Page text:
'Gold's story is not over': Rallying stocks don't mean investors forgot their fear - RBC Capital Markets
(Kitco News) A rally in the stock market does not mean investors have forgotten their fear, which is why "gold's story is not over yet," according to a report by RBC Capital Markets.
"After a precipitous vaccine news-driven decline, gold's current price levels still leave unanswered questions," RBC's commodity strategists wrote last week. "Despite seemingly buoyant markets, we do not think that investors have forgotten their fear; thus gold's story is not yet over amid ongoing the economic, financial and political uncertainty.
Vaccine news does not automatically fix the economic downturn the U.S. has seen this year. It does not solve all the other problems, including inflation and unemployment, the report noted.
"2020 has been a year of uncertainty, underscored by a pandemic, an economic crisis, heightened political tensions, and a confluence of gold-positive drivers. While we may have seen a reset of sorts in gold's valuation, its path is not predetermined as we barrel towards 2021," the strategists said.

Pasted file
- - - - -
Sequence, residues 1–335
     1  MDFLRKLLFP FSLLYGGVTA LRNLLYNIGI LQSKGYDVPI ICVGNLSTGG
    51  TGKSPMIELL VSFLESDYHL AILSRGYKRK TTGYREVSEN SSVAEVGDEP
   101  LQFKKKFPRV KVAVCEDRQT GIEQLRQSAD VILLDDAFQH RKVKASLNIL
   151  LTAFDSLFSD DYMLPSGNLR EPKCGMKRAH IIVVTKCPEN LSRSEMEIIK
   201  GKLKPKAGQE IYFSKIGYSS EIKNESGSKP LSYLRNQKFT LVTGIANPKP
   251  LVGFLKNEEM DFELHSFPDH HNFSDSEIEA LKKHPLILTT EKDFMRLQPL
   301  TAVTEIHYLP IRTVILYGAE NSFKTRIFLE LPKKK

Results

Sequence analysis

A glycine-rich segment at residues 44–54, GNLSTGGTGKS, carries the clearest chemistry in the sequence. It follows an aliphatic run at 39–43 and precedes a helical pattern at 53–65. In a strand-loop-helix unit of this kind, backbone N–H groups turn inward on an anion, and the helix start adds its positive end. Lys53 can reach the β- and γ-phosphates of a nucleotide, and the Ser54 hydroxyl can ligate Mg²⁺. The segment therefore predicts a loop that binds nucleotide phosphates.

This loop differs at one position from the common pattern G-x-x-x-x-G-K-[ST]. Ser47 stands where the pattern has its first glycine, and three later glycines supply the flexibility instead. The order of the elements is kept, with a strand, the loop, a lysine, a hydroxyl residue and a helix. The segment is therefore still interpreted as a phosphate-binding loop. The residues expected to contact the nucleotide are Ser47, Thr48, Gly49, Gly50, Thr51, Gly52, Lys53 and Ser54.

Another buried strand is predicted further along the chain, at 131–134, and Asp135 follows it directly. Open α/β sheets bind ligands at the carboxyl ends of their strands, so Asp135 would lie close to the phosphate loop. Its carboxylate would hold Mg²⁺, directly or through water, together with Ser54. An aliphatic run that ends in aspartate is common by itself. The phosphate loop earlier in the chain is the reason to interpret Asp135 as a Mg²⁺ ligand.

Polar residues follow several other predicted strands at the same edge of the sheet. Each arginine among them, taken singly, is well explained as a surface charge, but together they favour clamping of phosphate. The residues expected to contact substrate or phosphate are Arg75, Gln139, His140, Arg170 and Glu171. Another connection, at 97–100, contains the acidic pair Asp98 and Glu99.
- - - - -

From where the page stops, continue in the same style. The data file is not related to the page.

Last Monday, Pfizer/BioNTech vaccine news saw gold prices tumble $100, followed by step-by-step recovery. This Monday, Moderna's vaccine news also sent gold sown more than $25. But this time around, losses were very quickly recovered.
At the time of writing, December Comex gold futures were trading at $1,891.00, up 0.25% on the day.
Gold's drop last week represented "a reset of gold-related pandemic expectations, a repricing of stimulus expectations by gold investors, a realignment of inflation fears, and a shift in mindset around post-election political uncertainty," RBC strategists pointed out.
But this reset does not mean gold's moves higher are over, they added.
"Gold's story is not over yet in our view, even if there is a perceived 'light at the end of the tunnel.' While perhaps a near-term overcorrection, this reset may have helped gold find a new equilibrium," the strategists wrote. "Yet even after the first vaccine shipments, there will still be distribution and uptake challenges. Thus the health crisis will not come to an immediate close."